By Army Sgt. 1st Class Paula Taylor
He’d trained hard for four months, and the day finally had arrived for the 745th Forward Surgical Team orthopedic surgeon to run the 26.2-mile Miami Marathon -- thousands of miles from
amid the concrete barriers and concertina wire that line the perimeter of Forward Operating Base Fenty in eastern Florida . Afghanistan
As he arrived at the start line, a few stars still shone through the clouds and dotted the sky. Soon, the sun would begin to crest over the snow-capped mountains.
As Smock and the other marathoners took off down the dusty hardtop road, they soon came across a group of up-armored trucks getting ready to roll out on a convoy.
“That really puts things in perspective,” Smock said later. “You see that and you think, ‘This [race] is just for fun.’ By the second lap, those guys were already gone, doing their job.”
At the halfway mark, Smock said, he was doing well, but the going got tougher with about five miles to go. “I hit my wall about 21, 22 miles,” he said, “and started to need to take a break -- walk it out and make sure I keep fueling myself up. I used that finish line as my motivation.”
Smock, who lives in
, said he and his brothers, Michael and David, had planned to run the Miami Marathon together for almost a year Liberty Hill, Texas
“We are all doctors, all went to the same school, and are all very active, but have never run a marathon together,” he said. “When I found out that I would be deployed and unable to run with them in
, it was disappointing, but I decided that it would not stop me from running ‘with’ them, even if it was from halfway around the world.” Miami
Shortly after arriving at Fenty, Smock said, he contacted the Miami Marathon race directors and inquired about a satellite run. They were receptive and were happy to sponsor the run. “They also sent T-shirts, medals and several other goodies to pass out to all the participants,” he added.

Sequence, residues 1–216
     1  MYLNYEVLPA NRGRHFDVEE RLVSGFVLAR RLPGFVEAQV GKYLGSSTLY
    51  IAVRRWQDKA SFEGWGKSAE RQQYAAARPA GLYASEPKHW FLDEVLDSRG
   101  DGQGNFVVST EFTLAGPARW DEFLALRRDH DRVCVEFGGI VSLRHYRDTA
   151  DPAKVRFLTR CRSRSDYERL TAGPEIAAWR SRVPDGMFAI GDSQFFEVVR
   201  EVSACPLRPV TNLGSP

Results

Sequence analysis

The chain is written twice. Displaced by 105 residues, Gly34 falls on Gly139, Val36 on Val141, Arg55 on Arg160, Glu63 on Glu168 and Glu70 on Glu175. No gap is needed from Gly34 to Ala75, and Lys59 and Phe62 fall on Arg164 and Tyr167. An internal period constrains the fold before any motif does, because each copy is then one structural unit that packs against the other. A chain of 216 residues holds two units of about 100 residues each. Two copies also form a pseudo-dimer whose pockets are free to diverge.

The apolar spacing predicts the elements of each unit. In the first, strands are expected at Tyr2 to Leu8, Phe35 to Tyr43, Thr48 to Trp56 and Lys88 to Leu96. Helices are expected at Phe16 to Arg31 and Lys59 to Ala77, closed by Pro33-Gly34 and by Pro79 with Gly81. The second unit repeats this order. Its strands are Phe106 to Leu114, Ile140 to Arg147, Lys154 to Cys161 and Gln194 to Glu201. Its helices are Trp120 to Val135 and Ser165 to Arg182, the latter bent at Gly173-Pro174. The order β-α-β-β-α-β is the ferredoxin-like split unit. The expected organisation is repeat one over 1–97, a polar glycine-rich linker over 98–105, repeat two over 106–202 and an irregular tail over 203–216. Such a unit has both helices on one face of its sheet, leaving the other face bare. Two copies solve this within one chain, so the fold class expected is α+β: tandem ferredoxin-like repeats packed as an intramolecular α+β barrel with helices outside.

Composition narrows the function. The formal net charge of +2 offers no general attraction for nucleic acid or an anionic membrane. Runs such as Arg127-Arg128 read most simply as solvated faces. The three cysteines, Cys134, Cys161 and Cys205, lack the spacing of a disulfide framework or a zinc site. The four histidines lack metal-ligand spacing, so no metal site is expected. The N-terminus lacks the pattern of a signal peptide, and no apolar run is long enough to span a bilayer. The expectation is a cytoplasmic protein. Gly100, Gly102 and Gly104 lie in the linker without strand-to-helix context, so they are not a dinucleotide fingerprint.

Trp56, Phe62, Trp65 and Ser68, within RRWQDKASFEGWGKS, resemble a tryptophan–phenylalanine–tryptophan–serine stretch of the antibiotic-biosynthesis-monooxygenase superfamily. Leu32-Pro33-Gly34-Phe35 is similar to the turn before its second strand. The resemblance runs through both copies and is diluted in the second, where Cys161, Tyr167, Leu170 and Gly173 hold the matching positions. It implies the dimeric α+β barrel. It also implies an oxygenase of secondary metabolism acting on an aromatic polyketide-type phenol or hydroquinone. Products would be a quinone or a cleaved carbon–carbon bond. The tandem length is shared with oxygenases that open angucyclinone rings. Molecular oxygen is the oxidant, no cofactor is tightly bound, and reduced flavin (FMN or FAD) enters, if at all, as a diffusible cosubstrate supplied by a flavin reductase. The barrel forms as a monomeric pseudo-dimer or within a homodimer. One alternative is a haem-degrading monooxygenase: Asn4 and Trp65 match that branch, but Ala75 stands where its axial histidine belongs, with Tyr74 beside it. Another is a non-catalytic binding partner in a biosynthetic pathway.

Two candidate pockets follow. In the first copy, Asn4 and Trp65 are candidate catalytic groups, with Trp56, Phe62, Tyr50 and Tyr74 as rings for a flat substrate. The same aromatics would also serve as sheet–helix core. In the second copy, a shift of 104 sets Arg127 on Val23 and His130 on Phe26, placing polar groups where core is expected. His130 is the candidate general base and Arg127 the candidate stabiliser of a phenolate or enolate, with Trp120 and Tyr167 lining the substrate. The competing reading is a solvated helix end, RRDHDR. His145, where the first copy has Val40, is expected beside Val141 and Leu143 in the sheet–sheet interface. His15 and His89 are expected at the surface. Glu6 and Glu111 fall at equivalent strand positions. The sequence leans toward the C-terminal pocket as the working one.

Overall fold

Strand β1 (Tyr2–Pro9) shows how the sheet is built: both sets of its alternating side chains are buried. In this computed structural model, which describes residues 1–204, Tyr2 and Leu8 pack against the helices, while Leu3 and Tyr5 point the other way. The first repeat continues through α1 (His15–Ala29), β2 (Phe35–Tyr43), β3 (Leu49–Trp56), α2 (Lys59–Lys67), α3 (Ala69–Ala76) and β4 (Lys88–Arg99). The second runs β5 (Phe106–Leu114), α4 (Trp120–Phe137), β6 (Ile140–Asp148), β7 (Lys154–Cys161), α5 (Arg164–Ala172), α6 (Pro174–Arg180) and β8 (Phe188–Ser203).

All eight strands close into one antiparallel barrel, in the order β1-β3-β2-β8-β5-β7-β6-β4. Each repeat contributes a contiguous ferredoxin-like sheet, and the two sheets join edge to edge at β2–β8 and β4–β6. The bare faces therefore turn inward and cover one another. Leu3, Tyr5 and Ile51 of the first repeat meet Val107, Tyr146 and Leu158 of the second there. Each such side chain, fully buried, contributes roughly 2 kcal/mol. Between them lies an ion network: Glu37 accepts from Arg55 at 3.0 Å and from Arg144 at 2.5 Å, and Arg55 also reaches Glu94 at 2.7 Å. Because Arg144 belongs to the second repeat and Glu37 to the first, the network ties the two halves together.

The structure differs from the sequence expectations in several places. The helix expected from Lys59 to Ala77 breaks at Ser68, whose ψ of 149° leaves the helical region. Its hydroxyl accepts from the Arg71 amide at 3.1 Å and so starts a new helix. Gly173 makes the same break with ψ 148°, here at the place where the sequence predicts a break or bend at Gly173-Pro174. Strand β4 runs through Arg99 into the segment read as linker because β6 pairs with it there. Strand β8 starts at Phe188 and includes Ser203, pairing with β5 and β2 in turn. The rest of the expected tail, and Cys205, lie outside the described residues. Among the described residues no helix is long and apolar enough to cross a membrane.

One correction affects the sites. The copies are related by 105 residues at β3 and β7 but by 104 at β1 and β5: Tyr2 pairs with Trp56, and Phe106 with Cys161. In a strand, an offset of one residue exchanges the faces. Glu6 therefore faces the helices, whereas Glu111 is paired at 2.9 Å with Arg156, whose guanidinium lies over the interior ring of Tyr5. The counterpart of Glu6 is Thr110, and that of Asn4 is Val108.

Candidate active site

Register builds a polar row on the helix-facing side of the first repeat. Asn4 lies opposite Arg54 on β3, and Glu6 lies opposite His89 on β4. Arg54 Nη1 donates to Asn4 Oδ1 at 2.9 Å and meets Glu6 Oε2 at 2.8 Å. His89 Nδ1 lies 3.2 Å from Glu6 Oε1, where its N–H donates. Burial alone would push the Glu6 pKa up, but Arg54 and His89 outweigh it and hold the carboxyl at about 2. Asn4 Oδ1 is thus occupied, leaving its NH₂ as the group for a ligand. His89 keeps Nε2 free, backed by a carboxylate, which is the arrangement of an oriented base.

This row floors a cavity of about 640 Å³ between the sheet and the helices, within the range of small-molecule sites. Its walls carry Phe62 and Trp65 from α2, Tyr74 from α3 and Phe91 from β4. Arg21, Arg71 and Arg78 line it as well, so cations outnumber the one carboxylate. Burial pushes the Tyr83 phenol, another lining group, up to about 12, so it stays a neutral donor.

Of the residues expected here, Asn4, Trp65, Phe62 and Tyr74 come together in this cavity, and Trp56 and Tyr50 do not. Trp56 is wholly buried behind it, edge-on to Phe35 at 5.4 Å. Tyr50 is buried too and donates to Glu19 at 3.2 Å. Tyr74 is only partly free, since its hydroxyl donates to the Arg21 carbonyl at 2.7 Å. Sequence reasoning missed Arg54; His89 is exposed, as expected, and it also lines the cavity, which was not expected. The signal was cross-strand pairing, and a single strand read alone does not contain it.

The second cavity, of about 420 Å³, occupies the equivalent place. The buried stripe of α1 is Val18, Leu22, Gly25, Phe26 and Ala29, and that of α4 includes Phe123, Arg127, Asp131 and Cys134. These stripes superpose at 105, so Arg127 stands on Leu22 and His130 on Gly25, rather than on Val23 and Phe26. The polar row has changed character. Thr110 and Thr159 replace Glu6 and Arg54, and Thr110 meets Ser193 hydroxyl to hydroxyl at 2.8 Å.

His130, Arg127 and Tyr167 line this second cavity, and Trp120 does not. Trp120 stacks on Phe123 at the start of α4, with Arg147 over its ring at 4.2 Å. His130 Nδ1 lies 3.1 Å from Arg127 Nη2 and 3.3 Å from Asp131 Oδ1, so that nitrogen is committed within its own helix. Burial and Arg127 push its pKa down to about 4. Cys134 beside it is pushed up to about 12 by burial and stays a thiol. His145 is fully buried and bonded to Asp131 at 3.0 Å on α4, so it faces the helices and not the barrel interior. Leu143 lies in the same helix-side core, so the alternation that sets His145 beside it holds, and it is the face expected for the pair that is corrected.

Smock said he wore out three pairs of track shoes running laps around the airstrip to train for the event. The soles on the pair he wore for yesterday’s race, in fact, were starting to separate.
Though Smock missed an opportunity to be with his brothers when they ran the marathon in
just 10 hours after he finished his, he said he plans on running in future events together with them, barring another deployment. Miami
“I don’t know if we will run
together in the future -- that will most likely depend on how our schedules work out -- but we are already tentatively planning to sign up this summer for the Ironman Triathlon in Miami Lake Placid [ ] in 2012,” Smock said. “Hopefully, no deployments interfere with those plans. I don’t think I could find a place to swim in New York or Iraq .” Afghanistan
The 26.2 miles of the satellite course at Fenty comprised eight laps around the airstrip. Smock finished the race in 3 hours, 27 minutes.
“I crushed my goal,” he said. “I had run two marathons before, and I did each of those in just under four hours. I wanted to run today. I think my official clock time was and some change. I’m so excited right now!”